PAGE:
At the other extreme, I've read books that imagine machines doing all the work and that paint a nightmare world of unemployment and starvation, with a small elite living in luxury. Also unlikely. Human nature being what it is, sure, there will be some of the rich and powerful who say to let them starve, but there will be some who care and look for ways to provide for these people. Throughout history there have always been greedy and selfish people, but there have also been people who devote their lives to helping the poor and weak. Furthermore, massive numbers of desperate people makes for a very unstable social situation. The rich would be in constant fear of riots. Even those who care only for themselves would likely see the solution as some combination of strict law enforcement and enough charity so these people aren't TOO desperate, so that they have something to lose if they challenge the system.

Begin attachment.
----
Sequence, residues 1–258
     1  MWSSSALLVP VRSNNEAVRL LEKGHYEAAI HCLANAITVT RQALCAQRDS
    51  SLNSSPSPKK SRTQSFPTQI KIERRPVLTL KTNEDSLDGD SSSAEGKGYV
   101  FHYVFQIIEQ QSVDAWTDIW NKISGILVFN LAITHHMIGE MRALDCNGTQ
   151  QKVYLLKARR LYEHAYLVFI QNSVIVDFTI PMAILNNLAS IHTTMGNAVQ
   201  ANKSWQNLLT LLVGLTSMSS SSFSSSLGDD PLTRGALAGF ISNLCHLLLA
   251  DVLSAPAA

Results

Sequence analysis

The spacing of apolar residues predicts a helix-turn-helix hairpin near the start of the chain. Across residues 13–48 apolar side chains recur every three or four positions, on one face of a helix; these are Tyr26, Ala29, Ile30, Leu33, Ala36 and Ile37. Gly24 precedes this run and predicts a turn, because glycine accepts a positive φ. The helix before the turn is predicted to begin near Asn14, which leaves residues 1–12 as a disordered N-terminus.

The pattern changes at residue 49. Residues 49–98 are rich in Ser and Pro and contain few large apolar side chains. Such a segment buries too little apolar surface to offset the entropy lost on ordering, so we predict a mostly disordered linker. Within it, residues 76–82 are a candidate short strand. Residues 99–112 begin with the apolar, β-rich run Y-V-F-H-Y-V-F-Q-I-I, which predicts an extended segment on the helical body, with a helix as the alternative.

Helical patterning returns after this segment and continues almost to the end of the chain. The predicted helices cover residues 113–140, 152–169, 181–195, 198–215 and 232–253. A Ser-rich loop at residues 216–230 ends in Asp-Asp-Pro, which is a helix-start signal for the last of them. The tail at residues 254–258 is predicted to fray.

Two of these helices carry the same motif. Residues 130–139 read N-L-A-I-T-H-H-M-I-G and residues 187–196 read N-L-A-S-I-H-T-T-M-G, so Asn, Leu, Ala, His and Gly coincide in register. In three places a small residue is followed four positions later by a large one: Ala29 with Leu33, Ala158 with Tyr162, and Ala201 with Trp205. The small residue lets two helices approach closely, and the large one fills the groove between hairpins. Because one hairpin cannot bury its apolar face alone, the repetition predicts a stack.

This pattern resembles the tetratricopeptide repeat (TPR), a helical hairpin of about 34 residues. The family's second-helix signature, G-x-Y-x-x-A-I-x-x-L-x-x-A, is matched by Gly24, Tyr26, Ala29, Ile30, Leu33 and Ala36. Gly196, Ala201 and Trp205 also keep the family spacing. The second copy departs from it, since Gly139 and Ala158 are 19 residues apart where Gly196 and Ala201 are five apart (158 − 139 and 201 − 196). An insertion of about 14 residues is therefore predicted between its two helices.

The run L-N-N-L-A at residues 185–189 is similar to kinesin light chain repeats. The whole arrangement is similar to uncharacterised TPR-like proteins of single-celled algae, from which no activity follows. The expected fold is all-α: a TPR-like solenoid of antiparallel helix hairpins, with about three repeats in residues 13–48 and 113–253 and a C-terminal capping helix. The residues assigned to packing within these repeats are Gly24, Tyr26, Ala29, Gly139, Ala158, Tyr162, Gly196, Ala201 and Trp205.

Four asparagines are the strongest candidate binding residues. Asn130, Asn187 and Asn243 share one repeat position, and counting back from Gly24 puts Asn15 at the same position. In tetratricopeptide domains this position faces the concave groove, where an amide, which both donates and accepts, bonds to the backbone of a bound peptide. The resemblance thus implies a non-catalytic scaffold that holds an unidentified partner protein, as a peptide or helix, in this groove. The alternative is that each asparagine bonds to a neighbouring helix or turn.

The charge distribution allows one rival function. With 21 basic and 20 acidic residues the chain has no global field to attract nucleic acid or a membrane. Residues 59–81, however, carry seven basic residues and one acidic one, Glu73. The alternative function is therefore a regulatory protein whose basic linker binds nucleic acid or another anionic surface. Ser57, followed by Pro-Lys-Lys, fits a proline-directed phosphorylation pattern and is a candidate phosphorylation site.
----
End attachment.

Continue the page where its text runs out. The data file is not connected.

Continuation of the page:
If the society is really so rich -- I mean the robots are producing so much wealth -- that there is just no need for people to work, then presumably there is enough abundance to let the unemployed have at least a basic, decent living.

Reminds me: According to the Bible, the law in ancient Israel was that when a farmer harvested his crop, he was supposed to leave a little behind, and the poor were then allowed to collect this. So the rich provided food to the poor, but the poor still had to go to some effort to collect it, nobody brought it to their door. Perhaps in a society such as you propose, factories would have places where they'd dump their slightly imperfect items, or some percentage of their production, and the poor could come and take it.

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Lots of people who "spend their time lying around doing nothing, partying, and/or fighting" are already content creators: Reality TV will attest to this. So, there is something 'worthwhile' for those people to do... And watch others like them doing, already. Thank Heaven for television. – no comprende Jan 20 at 21:51
    
@nocomprende I'm not sure I'd call reality TV "something worthwhile", but point taken. :-) – Jay Jan 21 at 4:46